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I have an app built in node.js and I use the node inspector in order to debug. But it's quite hard because of this:

  1. My breakpoints are never saved after I restart the server
  2. I cannot put a breakpoint on a file that has not loaded yet; so I have to step into from the first script to the one I want; REALLY PAINFULL!

How do you really debug node.js with node inspector?

The videos on how to use node.js are quite misleading as everything is into a module...

or this one the scripts appear are already loaded in the first script


Nobody can answer this question? :s

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Both 1 and 2 are valid complaints about node-inspector. There are other ways to debug, plugin to Eclipse or using node --debug plus putting break point in your code with debugger;. – Ryan Olds Jan 17 '12 at 16:38
I tried with eclipse but I given up after more than 1 week trying. Now I meet Sublime Text 2 and it's really a lot better than eclipse for what I use. I will search if exists any debugger for sublime text – Totty.js Jan 18 '12 at 9:47
@Totty: did you find any debugger for sublime ? – SharpCoder Mar 26 '14 at 14:56
No, I still use node inspector. Is very slow, so I try to use console.log when possible. Is really a pain point in node.js – Totty.js Mar 26 '14 at 22:08
up vote 19 down vote accepted

In javascript you can set breakpoints using the debugger; statement. However, they will only pause node if a debugger is actually attached.

So launch your node script using

./node.js --debug-brk myfile.js

then launch node-inspector and press the play button to continue to the next breakpoint and it will hit your debugger; breakpoint (at least that works for me ATM)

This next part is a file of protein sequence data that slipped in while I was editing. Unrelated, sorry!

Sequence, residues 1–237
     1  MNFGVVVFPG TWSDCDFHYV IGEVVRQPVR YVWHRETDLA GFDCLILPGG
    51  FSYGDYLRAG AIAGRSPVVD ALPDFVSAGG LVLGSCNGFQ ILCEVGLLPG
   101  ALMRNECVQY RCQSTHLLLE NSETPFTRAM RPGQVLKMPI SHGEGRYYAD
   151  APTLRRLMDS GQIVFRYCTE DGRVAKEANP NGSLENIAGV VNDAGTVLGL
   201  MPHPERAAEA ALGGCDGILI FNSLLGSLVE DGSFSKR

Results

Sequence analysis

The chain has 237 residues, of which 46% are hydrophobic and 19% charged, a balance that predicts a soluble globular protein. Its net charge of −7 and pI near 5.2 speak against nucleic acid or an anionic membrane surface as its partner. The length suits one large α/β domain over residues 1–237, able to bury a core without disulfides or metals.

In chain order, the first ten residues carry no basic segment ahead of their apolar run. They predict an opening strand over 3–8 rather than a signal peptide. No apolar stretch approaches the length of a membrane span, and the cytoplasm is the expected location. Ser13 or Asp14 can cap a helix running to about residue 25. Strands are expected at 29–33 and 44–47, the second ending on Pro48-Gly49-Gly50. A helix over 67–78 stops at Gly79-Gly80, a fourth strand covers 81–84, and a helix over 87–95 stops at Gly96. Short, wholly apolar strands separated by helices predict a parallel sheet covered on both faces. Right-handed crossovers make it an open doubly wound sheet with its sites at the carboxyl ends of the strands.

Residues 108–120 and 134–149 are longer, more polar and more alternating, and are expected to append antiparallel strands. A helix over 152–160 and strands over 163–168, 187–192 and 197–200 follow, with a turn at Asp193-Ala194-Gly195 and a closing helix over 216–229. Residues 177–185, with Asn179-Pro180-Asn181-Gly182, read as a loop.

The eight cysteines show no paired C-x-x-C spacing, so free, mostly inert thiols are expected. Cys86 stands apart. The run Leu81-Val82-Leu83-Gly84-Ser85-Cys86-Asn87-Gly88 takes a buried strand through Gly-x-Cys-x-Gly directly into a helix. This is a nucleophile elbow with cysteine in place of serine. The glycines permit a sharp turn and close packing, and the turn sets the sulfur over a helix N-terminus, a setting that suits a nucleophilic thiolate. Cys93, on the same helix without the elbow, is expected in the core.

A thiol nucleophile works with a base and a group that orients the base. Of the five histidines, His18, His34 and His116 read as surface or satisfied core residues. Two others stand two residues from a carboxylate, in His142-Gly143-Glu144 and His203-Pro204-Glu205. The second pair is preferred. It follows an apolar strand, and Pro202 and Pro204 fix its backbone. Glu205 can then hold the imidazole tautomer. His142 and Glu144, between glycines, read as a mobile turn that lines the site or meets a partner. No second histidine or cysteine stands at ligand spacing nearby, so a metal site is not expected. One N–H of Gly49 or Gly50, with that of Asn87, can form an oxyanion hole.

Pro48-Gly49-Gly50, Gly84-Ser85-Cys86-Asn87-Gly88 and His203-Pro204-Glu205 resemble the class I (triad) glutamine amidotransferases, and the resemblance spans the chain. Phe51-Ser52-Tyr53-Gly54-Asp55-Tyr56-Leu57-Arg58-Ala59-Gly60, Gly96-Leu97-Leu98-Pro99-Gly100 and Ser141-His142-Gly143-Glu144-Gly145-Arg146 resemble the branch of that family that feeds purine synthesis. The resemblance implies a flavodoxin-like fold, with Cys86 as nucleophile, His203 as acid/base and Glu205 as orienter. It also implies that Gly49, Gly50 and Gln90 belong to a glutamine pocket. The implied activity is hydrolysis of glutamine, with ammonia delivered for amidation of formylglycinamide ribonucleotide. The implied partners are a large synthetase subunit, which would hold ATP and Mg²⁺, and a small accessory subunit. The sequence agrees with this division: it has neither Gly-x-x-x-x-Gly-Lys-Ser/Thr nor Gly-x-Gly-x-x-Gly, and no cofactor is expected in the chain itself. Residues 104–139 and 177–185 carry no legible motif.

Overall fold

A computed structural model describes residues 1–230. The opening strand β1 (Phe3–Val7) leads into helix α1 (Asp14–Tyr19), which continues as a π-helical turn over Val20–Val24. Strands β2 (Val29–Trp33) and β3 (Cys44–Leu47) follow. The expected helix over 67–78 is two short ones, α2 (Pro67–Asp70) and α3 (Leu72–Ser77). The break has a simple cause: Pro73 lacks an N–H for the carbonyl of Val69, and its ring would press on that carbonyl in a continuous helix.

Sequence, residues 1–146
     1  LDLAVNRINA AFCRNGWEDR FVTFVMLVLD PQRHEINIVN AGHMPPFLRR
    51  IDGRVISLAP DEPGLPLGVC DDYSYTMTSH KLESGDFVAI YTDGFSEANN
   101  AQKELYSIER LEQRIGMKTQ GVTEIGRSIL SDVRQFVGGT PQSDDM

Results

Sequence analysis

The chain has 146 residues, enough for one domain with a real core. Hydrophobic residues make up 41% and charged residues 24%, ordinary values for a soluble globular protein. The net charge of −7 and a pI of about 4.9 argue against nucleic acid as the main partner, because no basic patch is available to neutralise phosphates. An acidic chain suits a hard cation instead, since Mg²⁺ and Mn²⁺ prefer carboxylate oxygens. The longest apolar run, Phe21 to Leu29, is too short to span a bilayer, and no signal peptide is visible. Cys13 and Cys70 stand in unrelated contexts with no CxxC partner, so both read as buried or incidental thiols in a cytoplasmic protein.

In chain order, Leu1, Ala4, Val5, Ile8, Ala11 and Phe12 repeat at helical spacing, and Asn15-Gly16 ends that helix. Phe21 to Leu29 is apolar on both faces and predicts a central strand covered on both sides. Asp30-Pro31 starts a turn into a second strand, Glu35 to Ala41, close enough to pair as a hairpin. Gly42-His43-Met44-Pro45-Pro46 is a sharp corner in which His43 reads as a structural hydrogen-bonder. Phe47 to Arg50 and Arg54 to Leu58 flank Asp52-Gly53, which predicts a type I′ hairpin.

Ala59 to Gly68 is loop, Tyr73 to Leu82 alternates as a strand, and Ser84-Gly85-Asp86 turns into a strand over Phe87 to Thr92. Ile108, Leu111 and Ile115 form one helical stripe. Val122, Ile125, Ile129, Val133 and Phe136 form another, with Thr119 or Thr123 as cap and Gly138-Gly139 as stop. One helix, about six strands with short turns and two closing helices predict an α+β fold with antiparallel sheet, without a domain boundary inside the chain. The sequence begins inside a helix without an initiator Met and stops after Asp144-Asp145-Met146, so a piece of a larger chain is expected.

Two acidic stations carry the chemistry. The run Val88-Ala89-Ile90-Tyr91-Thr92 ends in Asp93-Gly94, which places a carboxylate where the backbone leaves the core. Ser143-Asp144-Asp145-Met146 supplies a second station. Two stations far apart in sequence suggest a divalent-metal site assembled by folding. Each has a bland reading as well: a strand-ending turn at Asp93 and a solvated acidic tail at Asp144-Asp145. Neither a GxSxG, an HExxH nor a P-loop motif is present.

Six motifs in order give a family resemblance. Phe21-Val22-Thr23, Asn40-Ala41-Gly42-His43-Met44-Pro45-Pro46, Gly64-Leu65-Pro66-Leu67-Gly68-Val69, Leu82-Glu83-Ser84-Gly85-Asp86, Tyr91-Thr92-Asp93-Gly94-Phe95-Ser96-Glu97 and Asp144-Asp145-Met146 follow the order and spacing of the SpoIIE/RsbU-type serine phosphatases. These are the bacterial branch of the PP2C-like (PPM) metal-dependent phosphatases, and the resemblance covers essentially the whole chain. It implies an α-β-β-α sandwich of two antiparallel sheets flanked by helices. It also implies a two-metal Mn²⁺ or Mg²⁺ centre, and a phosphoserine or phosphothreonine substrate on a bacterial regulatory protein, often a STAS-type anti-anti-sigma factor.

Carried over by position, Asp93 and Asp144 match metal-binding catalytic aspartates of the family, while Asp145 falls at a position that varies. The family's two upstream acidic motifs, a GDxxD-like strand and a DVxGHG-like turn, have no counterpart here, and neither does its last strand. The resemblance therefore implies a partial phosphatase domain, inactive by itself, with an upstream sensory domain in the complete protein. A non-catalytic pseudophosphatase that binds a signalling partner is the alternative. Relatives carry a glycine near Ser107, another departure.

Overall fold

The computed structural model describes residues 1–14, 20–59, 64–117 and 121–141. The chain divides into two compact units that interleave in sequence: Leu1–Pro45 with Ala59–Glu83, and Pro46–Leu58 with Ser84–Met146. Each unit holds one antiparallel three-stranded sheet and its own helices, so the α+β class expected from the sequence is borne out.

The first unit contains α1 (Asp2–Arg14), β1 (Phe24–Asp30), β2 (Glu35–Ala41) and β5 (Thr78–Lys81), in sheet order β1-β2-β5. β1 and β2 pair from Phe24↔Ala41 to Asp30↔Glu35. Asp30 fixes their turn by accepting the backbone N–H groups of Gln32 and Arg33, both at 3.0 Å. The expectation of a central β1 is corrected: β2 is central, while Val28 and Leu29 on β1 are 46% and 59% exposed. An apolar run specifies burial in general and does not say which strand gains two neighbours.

you still need one extra click after restarting, but at least your breakpoints are saved.

if your breakpoint is not hit automatically, but only after some user action you don't need the --debug-brk of course.

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I managed to make the breakpoints work using exactly this steps. – Aebsubis Oct 23 '14 at 10:33
this worked for me, thanks – Stan R. Jul 17 '15 at 19:38

The problem with client-side breakpoints is that it's hard to keep track of the breakpoint position when the file changes. Unlike in an editor, it cannot keep track of lines being changed, etc.

@RyanOlds suggestion of using debugger; statements is also a good one, but you have to make sure the debugger is connected before the statement is evaluated, because it is ignored otherwise. Starting with --debug-brk is a good way to force this, because the execution is paused on the first line allowing you to attach the debugger and then continue the execution.

You could try debugging with node's internal debugger.

Edit: However, according to the v8 DebuggerProtocol it's possible to set breakpoints on script that hasn't been loaded yet AND you can set breakpoints by function, script and more. It should therefore be possible for node-inspector to keep track of your breakpoints (in a session, or whatever). It doesn't do so right now, though.